A US ally reportedly used a Patriot missile to shoot down a drone aircraft worth just a few hundred dollars, according to a US Army general.
Gen. David Perkins, commander of the Army Training and Doctrine Command, related the incident to an audience at an Association of the US Army meeting in Huntsville, Alabama, on March 13.
Perkins relayed the anecdote when his remarks turned to how address threats at different levels of command.
“When we started first dealing with enemy unmanned aerial systems, the gut instinct was that’s an air-defence problem. That’s an air-defence problem because they’re in the air,” he said, adding:
“And, in fact, we have a very close ally of ours that was dealing with an adversary that was using the small, quadcopter UASes, and they shot it down with a Patriot missile. Now that worked. They got it, OK, and we love Patriot missiles, and I know those folks out there that build them and sell them and they’re great. They’re a high-demand, low-density item.”
“The problem is on the kinetic-exchange ratio, the Patriot won. That quadcopter that cost $US200 from Amazon.com did not stand a chance against a Patriot. So on the kinetic-exchange ratio they won.”
Radar-guided Patriots are intended to intercept other missiles, which would theoretically make them suitable for small, nimble targets like drones. But a single missile can cost between $US2.5 million and $US3.4 million.
As Perkins noted, the disparity between the price of the Patriot and the price of the drone calls the overall wisdom of the tactic into question.
“On the economic-exchange ratio, I’m not sure that’s a good economic-exchange ratio,” he told the audience. “In fact, if I’m the enemy, I’m thinking, ‘Hey, I’m just going to get on Ebay and buy as many of these $US300 quadcopters as I can and expend all the Patriot missiles out there.'”
Perkins did not elaborate on the “ally” who launched the strike, its location, or the circumstances around the engagement.
Thirteen countries currently have Patriot air-defence systems, according to Jane’s. A 2012 BBC report indicated that Israel, Saudi Arabia, Kuwait, South Korea, and the United Arab Emirates were among those countries.
Drones have proliferated in recent years, and ISIS fighters have put them to use in their fight with Iraqi forces in Mosul, where they have used them to drop grenades on government forces and track and record suicide attacks. Drone recordings have become a feature the terror group’s propaganda effort.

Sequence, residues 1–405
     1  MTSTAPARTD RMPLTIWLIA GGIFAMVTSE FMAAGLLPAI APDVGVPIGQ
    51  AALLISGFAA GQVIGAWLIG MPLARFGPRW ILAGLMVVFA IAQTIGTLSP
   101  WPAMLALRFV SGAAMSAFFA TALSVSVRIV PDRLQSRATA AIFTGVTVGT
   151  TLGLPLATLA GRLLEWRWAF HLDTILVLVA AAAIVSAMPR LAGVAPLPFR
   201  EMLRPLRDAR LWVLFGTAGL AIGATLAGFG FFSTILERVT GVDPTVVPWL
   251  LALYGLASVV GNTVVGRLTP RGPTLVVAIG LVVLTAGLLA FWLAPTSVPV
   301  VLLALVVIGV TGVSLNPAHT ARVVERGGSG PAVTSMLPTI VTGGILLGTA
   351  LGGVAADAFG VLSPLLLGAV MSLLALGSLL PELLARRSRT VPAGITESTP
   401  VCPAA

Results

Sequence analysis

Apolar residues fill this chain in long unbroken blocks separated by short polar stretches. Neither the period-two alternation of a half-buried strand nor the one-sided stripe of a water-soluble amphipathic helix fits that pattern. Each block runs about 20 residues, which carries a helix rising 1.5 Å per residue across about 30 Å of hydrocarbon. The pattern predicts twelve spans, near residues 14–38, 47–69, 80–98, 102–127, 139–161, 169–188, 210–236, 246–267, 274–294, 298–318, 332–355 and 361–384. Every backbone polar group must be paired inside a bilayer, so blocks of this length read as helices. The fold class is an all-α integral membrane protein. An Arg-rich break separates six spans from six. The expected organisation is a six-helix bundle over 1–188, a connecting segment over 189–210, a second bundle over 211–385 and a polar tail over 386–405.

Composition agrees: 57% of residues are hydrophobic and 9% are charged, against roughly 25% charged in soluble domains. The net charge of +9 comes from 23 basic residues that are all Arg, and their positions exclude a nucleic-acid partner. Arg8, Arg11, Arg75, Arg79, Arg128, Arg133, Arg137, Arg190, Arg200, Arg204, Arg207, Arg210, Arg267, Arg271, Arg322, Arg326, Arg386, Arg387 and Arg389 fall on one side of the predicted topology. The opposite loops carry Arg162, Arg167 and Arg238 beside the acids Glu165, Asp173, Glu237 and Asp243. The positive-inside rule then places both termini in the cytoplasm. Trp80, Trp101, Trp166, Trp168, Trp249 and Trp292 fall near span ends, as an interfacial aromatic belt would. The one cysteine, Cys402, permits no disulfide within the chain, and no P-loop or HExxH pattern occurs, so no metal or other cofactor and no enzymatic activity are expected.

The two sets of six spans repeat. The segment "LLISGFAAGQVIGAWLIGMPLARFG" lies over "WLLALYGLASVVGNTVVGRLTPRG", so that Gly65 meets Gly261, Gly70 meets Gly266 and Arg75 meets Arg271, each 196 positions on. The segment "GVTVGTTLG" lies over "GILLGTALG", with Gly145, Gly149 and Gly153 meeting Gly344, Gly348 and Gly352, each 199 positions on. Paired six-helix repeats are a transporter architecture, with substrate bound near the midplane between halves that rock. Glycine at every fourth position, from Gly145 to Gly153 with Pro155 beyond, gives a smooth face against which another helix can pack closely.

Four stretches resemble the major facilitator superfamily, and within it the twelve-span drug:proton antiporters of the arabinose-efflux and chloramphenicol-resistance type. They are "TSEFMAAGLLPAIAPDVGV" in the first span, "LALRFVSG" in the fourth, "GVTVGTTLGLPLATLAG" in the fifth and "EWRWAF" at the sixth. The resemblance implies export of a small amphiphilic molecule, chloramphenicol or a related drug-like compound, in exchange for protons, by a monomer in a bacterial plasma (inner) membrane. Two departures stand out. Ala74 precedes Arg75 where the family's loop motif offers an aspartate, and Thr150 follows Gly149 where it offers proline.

In an apparent acknowledgement of the challenge drones pose, the US Air Force recently ordered net-filled shotgun shells for use in taking them down.
A drone-on-Patriot-missile engagement also illustrates how warfare and conflict have evolved as technology becomes less expensive.
“It certainly exposes in very stark terms the challenge which militaries face in attempting to deal with the adaptation of cheap and readily available civilian technology with extremely expensive, high-end hardware designed for state-on-state warfare,” Justin Bronk, a researcher at the United Royal Services Institute, told the BBC.
Bronk also noted that the Patriot’s advanced radar systems may not be able to target small quadcopters or drones effectively.
Perkins said military officials had begun to look for more cost-effective countermeasures for unmanned aerial systems at different levels of command.
“So what we’ve done is look at it say this is a commander’s problem. This is not an air-defence problem. This is a commander’s problem,” he said.
“We defined it from the very beginning, and now we’re looking at, hey, there’s ways to get after this with electronic warfare, with cyber. There’s all kinds of different ways that we could get to this.”
You can see Perkins’ entire talk here. His remarks about the Patriot-drone engagement start just before the 15-minute mark.
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